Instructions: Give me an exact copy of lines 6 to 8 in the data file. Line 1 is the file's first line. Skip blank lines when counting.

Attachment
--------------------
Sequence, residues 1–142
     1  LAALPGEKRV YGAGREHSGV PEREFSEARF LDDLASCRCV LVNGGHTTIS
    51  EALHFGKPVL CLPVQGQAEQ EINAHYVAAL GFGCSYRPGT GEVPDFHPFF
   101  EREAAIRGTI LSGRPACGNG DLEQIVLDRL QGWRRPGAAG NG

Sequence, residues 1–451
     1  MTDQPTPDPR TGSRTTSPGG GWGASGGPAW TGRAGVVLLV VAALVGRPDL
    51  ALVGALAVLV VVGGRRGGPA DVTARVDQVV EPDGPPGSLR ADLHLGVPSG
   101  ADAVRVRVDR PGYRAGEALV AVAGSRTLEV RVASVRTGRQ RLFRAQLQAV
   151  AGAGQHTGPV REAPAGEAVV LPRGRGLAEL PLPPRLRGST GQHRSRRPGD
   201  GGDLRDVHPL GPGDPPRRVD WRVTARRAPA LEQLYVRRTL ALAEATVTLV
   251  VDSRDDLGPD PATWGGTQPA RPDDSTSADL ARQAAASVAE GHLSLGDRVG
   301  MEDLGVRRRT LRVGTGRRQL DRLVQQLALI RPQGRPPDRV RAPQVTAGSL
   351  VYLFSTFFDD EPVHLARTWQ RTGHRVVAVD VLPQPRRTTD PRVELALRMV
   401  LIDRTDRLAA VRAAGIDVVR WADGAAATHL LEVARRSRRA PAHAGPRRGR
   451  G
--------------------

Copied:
     1  MTDQPTPDPR TGSRTTSPGG GWGASGGPAW TGRAGVVLLV VAALVGRPDL
    51  ALVGALAVLV VVGGRRGGPA DVTARVDQVV EPDGPPGSLR ADLHLGVPSG
   101  ADAVRVRVDR PGYRAGEALV AVAGSRTLEV RVASVRTGRQ RLFRAQLQAV